Michigan War Studies Review
Reviews, surveys, original essays, and commentary in the field of military studies.
2020-035
17 Apr. 2020
Review by Jonathan Beard, New York City
The Three-Cornered War: The Union, the Confederacy, and Native Peoples in the Fight for the West
By Megan Kate Nelson
New York: Scribner, 2020. Pp. xx, 352. ISBN 978–1–5011–5254–2.
Descriptors: Volume 2020, 19th Century, US Civil War Print Version

Most histories of the American Civil War divide the fighting between the Eastern theater—the battles along the Potomac, Gettysburg, and finally Sherman's March—and the Western theater, with Shiloh, Vicksburg, and the Union seizing control of the Mississippi. But the struggle to control what later became the forty-eight contiguous states extended all the way from Richmond to Los Angeles. In The Three-Cornered War, historian Megan Kate Nelson draws welcome attention to the Civil War as it was fought in (here and in what follows) present-day West Texas, New Mexico, Arizona, and California. She also includes both women and Native Americans in unexpected ways in her account of how complex the war could be when fought beyond the Mississippi.


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Nelson's narrative centers on nine individuals who left traces in the historical record: three US Army soldiers, one of them Kit Carson; a noncombatant (Union) government surveyor and an officer's wife; two (Confederate) Texans, one an officer; Mangas Coloradas, a famous Apache chief; and Juanita, a Navajo woman. Being literate, the Anglos left letters or diaries. Proceeding chronologically, Nelson devotes a short chapter to each of the nine, beginning in the East in 1861 and ending with the ceremonial gold and silver spikes that sealed the transcontinental railroad in 1869.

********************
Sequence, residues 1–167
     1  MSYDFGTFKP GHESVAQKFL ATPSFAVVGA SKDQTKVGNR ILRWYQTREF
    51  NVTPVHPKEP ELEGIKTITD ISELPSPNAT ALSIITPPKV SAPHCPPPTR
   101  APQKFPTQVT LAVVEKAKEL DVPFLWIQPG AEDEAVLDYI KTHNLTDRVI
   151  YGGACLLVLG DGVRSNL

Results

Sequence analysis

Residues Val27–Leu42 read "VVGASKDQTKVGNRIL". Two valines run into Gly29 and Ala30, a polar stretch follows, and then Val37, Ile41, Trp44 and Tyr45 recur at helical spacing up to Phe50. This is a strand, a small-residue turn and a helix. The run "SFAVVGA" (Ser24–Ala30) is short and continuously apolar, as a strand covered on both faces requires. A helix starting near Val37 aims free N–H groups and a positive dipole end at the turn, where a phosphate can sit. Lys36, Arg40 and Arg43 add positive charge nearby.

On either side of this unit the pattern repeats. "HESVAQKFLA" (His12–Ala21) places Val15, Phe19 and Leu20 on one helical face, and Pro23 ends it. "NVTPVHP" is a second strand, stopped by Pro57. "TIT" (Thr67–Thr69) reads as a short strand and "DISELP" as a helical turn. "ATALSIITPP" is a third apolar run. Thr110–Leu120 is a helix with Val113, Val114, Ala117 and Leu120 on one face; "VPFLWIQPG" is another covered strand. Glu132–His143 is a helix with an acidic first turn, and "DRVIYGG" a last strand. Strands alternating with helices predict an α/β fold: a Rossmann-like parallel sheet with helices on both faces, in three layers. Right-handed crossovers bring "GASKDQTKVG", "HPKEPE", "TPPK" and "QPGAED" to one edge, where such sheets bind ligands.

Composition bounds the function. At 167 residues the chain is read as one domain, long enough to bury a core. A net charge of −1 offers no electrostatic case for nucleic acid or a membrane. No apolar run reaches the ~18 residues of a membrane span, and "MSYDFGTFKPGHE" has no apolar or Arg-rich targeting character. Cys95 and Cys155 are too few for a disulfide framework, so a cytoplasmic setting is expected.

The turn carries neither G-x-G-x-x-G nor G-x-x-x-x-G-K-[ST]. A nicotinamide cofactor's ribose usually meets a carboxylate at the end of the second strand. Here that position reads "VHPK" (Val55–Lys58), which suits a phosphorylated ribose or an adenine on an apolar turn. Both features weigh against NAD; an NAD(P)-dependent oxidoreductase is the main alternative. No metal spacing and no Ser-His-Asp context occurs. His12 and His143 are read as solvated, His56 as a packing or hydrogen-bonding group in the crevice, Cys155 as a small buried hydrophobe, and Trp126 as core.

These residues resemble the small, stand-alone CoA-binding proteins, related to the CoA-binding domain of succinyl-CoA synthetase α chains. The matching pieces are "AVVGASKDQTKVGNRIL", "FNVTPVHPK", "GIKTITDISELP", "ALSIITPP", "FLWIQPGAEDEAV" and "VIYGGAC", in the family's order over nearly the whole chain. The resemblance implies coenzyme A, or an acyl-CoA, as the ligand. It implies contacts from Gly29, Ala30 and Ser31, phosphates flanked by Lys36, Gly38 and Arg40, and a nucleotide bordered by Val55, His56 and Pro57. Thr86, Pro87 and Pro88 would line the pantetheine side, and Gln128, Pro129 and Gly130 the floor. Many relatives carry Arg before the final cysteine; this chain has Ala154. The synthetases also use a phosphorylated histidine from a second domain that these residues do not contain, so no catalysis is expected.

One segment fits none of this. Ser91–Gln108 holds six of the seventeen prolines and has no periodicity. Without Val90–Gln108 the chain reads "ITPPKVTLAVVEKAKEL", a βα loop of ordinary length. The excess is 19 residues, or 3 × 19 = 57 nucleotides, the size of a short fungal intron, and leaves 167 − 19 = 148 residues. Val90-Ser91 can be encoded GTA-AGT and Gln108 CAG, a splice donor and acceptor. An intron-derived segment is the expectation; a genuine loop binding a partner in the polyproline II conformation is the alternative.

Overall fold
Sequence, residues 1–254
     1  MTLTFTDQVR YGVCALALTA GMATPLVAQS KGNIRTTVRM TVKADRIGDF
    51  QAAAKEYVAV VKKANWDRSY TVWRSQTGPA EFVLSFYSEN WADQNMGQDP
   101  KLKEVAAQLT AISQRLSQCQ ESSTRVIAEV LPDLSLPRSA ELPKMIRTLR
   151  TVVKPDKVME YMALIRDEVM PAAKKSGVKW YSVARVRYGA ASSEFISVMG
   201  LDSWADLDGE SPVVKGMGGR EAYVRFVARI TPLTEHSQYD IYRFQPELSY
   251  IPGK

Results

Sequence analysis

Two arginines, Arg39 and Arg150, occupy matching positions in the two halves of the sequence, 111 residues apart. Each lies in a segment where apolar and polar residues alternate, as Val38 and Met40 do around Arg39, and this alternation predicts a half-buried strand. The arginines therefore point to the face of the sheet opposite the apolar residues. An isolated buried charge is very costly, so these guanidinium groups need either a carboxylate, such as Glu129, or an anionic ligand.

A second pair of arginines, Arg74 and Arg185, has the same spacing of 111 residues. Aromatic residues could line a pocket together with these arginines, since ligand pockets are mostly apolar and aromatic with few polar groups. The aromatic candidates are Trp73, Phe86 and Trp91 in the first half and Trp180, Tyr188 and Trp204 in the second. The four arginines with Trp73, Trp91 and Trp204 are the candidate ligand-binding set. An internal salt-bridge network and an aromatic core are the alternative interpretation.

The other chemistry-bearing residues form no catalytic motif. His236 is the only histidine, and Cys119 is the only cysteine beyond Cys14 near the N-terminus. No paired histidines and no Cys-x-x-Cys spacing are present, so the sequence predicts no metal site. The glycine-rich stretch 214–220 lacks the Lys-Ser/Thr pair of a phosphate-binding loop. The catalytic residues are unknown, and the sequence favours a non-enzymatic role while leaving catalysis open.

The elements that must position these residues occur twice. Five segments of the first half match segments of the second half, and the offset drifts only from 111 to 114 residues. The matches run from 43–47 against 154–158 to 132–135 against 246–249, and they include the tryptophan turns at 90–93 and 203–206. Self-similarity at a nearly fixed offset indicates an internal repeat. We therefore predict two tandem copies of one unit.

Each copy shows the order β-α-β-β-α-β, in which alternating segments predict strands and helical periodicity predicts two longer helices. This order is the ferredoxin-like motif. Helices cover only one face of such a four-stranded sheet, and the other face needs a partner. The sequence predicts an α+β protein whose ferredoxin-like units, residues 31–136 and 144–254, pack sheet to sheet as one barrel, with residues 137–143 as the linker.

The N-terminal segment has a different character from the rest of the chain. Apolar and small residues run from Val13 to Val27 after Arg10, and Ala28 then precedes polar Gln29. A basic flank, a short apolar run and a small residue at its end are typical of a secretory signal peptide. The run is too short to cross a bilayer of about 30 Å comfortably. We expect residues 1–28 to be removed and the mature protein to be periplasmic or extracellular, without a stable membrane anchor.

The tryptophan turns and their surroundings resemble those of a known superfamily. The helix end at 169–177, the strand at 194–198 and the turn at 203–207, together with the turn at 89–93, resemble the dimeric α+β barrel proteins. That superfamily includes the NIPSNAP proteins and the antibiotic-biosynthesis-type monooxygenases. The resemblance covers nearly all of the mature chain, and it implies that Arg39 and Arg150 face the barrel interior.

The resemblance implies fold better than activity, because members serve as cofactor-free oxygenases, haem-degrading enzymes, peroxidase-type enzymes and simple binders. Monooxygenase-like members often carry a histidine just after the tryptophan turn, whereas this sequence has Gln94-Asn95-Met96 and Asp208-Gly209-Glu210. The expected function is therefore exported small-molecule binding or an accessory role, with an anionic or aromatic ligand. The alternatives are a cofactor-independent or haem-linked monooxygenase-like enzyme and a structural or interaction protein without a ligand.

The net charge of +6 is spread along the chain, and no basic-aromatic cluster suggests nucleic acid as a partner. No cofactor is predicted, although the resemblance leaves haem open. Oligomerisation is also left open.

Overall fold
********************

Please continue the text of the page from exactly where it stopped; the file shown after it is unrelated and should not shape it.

Unlike historians of the war in the East, Nelson must begin by describing the landscape and ethnic map of the Western theater. When John Baylor led his Confederate troops west from San Antonio to El Paso, he feared dying of thirst or at the hands of Comanche or Apache Indians far more than from any Union ambush; the railroads that moved soldiers to and from battlefields in the East were still hundreds of miles, and several years, away. Similarly, when a Union column marched from California to Tucson and New Mexico, they never saw a Confederate soldier but did lose several men to chiefs Mangas Coloradas and Cochise and their warriors—the third side of Nelson's three-cornered war.

Native Americans, of course, did not care whether the soldiers wore blue or gray. Slavery was part of the picture in the West as well—but in a completely different context. One of the three ethnic groups that dominated New Mexico Territory was the Hispanos, descendants of Spanish settlers who had arrived before Mexico achieved independence. For centuries, they had farmed, ranched, and traded in this land, and suffered raids from both Navajos and Apaches. In fighting back, they took and enslaved captives. Aware that the new Confederacy supported slavery and that the Union would probably abolish it, many Hispano slave-owners naturally sided with the South. Some left Santa Fe when Union troops arrived early in the war. But the combination of slavery and mutual Anglo vs. Native American hostility led to events unlike anything seen in the East. Consider this episode which came between the two battles fought in New Mexico: John Baylor, who had led his men from Texas, returned to Mesilla, New Mexico, after defeating Union forces at Valverde (20 Feb. 1862). He then led a hundred men on a search for Chiricahua Apaches in Mexico: